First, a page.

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June 27, 2010 8:07 pm
Emerging market corporate and sovereign bonds have been issued at a record pace so far this year in a sign of growing investor interest in opportunities outside the developed world following the financial crisis.
Borrowers, including governments and companies, have raised almost $300bn to date, a 10 per cent increase on the same period in 2009, which itself led to a record year, according to data from Thomson Reuters.
Institutional investors said the inflows demonstrated a shift in perceptions of risk in those developed markets hit hardest by the crisis, and clients’ growing willingness to seek out less mainstream opportunities.
“It’s not that people suddenly think emerging markets are a lot safer, it’s that they’re realising risk is everywhere and they can’t just assume the developed world is safe,” Jerome Booth, head of research at Ashmore, the emerging markets investment manager, said.
Emerging markets have been subject to inflows of hot money in the past, hitting their economies hard when the money left as quickly as it arrived. However, investors believe the financial crisis and shift in risk perceptions mean that this time it is different.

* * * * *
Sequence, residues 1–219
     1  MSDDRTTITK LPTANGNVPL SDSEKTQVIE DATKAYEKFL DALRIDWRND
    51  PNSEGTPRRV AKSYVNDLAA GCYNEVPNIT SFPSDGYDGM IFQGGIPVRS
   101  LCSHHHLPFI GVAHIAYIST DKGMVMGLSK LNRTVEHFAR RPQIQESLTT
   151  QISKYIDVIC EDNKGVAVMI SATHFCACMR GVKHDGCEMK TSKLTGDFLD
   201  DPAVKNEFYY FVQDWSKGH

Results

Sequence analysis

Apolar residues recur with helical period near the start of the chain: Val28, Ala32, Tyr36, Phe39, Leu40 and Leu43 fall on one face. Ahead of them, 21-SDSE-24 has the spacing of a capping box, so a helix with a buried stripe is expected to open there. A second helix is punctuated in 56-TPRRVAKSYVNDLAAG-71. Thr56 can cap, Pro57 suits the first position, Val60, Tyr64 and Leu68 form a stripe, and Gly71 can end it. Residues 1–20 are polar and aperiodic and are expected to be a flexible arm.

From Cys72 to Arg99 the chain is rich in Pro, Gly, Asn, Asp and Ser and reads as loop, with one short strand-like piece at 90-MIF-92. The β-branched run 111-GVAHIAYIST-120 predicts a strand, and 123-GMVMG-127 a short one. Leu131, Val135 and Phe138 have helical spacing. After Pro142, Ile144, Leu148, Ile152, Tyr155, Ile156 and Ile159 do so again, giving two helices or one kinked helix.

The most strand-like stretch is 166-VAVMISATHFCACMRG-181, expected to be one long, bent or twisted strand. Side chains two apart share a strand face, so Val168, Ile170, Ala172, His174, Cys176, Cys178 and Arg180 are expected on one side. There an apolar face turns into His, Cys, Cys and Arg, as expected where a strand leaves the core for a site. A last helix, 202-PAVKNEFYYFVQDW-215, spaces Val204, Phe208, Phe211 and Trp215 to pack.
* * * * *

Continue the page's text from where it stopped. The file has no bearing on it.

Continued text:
“Debt-to-GDP ratios in the developed world are about double those in emerging markets, and they’re growing,” said Sam Finkelstein, head of emerging markets debt at Goldman Sachs Asset Management.
“This makes emerging markets interesting because you’re picking up incremental spread [higher interest rates compared with developed world rates], and in return you’re actually taking less macroeconomic risk.”
Goldman’s dedicated emerging markets debt assets grew from $3.3bn in March last year to $13.2bn in March 2010.
“I can’t say all fund inflows are long term, but this time emerging markets are a core allocation for an increasing number of investors,” Mr Finkelstein said.
Emerging markets have not been a one-way bet, however. While Russia made a successful return to the capital markets, borrowing $5.5bn with its first bond issue since it defaulted in 1998, Dubai’s restructuring of its debt-laden companies has unnerved other investors.
But corporate borrowing, led by Chinese companies, now makes up about three-quarters of emerging market bond issuance, up from just over half before the financial crisis.
As in the developed world, banks’ reluctance to lend is forcing companies to turn to the markets. Unlike their western peers, however, emerging markets companies tend to be less heavily indebted, making their bonds more attractive and suggesting potential for the market to grow.
“There are lots of countries that haven’t even started. The potential is huge,” Mr Booth said.
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